Organized Crime Agency of British Columbia
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|Organized Crime Agency of British Columbia|
|Legal personality||Governmental: Government agency|
The Organized Crime Agency of British Columbia (March 11, 1999– April 1, 2004) was a Crown corporation created as a 'Designated Policing and Law Enforcement Unit' regulated by the British Columbia Police Act and the British Columbia Emergency Program Act. In October 1998, following the recommendations of the Independent Review Committee on Organized Crime, chaired by Stephen Owen, Attorney General Ujjal Dosanjh announced plans for Organized Crime Agency to replace the 'Coordinated Law Enforcement Unit' (CLEU) which was found by the Owen Report to be not sufficiently equipped, mandated, or able to cope with the growing sophistication and diversity of organized crime.
Its mandate is "to facilitate the disruption and suppression of organized crime which affects all British Columbians." Effective April 1, 2004 the agency was integrated with their Royal Canadian Mounted Police (RCMP) counterparts to create the federal-led Combined Forces Special Enforcement Unit - British Columbia which also created the Integrated Gang Task Force (IGTF).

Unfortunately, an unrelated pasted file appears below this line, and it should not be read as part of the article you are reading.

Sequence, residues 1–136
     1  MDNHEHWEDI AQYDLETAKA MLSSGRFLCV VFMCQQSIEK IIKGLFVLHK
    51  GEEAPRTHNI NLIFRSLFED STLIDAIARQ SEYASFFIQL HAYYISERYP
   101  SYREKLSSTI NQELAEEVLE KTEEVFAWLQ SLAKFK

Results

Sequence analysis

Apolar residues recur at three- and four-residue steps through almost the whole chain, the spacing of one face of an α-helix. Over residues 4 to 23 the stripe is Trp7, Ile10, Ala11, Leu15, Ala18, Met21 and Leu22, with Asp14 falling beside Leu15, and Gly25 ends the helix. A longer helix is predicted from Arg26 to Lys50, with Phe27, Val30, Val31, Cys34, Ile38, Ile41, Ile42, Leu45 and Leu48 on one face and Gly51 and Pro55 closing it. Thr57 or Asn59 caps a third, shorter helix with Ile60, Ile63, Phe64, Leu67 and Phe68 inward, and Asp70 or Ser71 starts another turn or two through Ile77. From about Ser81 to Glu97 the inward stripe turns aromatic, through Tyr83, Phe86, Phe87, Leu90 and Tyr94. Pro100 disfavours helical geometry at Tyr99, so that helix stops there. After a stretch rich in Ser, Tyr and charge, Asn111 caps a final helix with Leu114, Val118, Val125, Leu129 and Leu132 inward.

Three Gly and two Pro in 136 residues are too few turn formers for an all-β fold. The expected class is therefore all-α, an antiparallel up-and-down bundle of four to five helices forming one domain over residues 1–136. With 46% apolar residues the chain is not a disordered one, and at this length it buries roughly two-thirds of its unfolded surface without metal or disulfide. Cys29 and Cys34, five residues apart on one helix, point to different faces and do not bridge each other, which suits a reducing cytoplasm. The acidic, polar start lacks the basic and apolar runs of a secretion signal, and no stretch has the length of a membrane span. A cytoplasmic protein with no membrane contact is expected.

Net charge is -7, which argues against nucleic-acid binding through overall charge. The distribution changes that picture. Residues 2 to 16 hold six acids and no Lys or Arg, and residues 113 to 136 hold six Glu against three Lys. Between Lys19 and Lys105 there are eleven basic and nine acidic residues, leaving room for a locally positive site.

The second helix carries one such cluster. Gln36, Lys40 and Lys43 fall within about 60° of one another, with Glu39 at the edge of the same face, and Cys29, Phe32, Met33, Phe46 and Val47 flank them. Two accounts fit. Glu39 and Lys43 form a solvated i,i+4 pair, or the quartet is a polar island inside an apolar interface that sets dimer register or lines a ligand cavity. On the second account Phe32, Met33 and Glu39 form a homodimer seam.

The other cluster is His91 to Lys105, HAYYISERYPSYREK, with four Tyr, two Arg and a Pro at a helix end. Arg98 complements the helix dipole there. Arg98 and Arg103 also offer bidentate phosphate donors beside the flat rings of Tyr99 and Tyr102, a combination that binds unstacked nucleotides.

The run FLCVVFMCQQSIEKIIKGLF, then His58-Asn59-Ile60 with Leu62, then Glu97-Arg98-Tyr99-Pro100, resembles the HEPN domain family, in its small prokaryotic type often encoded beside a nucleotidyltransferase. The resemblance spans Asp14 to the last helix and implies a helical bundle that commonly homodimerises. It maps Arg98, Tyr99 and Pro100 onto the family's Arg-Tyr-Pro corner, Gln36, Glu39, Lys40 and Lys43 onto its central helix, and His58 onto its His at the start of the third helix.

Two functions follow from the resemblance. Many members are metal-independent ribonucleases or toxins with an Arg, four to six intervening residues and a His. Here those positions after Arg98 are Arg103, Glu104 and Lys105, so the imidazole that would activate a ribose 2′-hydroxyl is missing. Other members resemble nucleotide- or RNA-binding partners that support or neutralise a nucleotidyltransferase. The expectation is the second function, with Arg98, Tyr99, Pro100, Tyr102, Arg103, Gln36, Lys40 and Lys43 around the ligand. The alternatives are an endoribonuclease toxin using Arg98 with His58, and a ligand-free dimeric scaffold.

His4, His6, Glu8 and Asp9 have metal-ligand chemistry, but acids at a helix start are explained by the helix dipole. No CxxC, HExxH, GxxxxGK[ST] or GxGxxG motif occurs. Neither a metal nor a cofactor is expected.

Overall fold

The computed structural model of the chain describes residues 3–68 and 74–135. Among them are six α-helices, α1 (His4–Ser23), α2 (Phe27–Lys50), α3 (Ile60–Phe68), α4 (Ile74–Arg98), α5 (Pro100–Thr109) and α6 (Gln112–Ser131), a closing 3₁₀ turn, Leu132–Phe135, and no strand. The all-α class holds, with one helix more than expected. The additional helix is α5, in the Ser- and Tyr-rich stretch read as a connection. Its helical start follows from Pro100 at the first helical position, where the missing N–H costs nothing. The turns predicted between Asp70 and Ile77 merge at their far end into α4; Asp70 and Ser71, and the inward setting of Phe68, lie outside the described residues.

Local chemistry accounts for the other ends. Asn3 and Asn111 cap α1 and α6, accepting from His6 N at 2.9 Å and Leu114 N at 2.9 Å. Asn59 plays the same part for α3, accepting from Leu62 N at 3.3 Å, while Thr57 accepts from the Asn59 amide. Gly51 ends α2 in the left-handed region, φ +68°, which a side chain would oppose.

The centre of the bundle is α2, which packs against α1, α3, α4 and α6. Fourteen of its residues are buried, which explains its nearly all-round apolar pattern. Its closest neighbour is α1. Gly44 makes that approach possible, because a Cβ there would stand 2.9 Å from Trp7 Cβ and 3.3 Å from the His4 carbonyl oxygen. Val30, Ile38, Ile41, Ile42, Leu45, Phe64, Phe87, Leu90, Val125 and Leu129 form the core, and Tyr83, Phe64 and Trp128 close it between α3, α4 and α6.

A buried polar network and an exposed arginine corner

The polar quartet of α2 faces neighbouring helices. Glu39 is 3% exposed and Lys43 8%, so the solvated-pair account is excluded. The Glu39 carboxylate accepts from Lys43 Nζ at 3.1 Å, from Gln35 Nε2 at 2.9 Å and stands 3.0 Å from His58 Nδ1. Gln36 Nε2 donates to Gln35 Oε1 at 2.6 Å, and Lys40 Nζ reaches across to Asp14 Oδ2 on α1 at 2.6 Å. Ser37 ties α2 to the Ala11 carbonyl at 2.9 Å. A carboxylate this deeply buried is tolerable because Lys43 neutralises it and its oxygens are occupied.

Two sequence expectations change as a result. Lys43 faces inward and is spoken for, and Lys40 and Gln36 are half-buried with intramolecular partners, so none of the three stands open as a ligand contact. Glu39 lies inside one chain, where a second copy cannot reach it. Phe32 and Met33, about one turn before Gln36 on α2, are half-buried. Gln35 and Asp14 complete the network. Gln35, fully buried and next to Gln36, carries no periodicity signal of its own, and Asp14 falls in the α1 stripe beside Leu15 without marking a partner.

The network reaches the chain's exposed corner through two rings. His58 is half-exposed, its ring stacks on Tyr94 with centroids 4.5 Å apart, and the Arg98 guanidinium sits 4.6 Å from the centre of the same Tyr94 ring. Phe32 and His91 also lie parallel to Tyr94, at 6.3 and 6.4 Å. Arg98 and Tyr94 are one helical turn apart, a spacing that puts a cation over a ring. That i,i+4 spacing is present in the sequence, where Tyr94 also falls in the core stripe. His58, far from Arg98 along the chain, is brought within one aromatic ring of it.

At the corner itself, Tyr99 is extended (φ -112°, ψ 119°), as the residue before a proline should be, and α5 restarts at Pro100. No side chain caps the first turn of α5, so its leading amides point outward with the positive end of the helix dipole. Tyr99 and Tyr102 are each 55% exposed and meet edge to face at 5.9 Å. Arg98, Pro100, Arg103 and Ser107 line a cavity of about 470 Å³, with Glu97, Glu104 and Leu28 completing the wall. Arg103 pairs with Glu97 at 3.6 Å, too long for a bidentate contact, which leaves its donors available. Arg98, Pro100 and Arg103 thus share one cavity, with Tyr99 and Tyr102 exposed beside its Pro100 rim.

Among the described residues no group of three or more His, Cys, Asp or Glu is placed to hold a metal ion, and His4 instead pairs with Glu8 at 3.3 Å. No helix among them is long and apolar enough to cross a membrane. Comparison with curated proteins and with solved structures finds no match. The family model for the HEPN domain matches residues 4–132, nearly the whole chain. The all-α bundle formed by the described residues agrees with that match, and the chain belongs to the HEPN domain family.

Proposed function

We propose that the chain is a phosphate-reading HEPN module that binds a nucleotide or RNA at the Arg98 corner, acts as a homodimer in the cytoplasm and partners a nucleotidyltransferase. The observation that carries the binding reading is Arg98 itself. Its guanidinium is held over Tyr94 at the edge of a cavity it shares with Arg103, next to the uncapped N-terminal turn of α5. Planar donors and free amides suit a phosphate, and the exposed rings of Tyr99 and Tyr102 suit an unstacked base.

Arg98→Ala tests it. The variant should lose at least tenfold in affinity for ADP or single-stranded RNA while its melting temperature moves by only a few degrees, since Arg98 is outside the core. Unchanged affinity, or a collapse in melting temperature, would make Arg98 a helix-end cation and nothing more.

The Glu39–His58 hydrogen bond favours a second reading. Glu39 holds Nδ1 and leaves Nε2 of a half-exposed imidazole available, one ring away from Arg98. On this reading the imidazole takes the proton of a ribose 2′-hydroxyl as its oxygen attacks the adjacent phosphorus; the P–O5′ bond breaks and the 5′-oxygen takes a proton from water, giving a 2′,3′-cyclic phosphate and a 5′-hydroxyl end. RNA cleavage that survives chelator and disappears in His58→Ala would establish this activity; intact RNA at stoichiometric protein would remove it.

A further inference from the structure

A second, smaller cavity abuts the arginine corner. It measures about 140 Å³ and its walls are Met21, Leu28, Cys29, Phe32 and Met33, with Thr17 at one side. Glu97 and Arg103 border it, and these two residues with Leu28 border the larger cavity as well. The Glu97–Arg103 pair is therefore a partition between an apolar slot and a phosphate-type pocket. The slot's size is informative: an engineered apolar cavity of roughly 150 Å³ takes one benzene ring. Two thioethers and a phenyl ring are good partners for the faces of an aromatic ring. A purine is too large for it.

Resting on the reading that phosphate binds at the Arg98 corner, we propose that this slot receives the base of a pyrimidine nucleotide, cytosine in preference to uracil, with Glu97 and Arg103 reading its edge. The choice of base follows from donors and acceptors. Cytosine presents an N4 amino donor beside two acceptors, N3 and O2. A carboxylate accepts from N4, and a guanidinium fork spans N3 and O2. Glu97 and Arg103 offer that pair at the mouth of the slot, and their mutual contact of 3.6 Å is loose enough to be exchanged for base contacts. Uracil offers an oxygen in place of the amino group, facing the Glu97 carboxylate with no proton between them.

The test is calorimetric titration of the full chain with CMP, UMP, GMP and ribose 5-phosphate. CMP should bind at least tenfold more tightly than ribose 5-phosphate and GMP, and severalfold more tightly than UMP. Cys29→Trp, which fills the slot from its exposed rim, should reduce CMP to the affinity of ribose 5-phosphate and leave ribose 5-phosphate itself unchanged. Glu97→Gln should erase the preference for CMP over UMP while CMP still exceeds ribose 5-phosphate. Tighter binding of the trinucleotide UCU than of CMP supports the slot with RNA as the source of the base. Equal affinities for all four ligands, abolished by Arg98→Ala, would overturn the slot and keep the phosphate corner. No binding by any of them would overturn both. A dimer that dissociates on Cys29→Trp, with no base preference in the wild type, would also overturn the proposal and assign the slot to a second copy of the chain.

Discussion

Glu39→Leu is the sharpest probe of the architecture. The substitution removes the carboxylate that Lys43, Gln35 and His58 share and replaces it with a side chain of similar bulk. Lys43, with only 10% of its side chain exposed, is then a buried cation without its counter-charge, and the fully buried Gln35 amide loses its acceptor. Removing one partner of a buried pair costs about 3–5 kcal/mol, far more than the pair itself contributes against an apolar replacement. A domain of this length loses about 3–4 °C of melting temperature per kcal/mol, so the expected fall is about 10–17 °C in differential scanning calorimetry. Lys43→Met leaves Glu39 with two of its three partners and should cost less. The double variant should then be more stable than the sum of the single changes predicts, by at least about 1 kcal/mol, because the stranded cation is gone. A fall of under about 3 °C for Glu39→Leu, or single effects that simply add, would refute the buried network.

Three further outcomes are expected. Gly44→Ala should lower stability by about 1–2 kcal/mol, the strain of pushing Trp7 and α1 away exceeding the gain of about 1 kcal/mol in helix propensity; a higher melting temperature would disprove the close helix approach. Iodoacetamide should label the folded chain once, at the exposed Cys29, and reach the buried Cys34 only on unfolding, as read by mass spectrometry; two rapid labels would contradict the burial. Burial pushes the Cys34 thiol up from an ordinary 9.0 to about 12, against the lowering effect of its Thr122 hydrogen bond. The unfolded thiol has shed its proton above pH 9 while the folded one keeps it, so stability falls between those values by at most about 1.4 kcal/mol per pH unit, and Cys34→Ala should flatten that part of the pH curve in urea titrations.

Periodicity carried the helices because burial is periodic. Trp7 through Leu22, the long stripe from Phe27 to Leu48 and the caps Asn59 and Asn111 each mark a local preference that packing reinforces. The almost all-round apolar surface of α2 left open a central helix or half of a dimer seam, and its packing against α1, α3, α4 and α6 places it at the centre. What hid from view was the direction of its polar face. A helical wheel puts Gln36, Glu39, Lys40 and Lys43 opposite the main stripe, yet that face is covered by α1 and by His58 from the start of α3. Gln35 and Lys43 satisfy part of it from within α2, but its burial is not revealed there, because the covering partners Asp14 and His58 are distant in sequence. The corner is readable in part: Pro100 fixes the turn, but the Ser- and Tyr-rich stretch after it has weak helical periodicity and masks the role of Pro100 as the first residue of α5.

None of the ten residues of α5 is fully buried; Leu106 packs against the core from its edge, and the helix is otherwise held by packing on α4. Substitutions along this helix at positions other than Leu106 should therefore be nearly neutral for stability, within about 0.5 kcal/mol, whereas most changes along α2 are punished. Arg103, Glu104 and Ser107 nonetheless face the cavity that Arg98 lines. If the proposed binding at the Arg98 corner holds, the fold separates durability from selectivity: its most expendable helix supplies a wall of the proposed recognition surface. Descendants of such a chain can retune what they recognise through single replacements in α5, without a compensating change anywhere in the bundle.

The agency was staffed civilian professionals that specialized in intelligence analysis, law, forensic accounting, computer science and foreign languages. In addition to its sworn police officers, investigators from municipal police departments and the BC-based RCMP detachments were assigned to the agency on 3 to 5 year terms. It was governed by a board which consists of the Deputy Commissioner of RCMP "E" Division, the President of the BC Association of Municipal Chiefs of Police, the President of the BC Association of Chiefs of Police, the Chief Constable of the Vancouver Police Department, and four government appointed members.
In 2002-2003, the agency participated in Project Blizzard with Alberta and U.S. authorities in investigating drug trafficking. This project had 689,000 pseudoephedrine tablets, 64.7 kilograms of cocaine, 3,353 pounds of marijuana, and $4 million seized. The 5-month Project Longhaul in 2003 investigated distribution and transportation of marijuana, ecstasy, and ephedrine from British Columbia to Ontario and the U.S. and resulted in 3,872 pounds of marijuana, 20,000 tablets of ecstasy, and 218.2 kilograms of ephedrine being seized. Project Longhaul II specifically focused on BC Bud and had 1,595 pounds of marijuana, and 461 marijuana plant clones seized.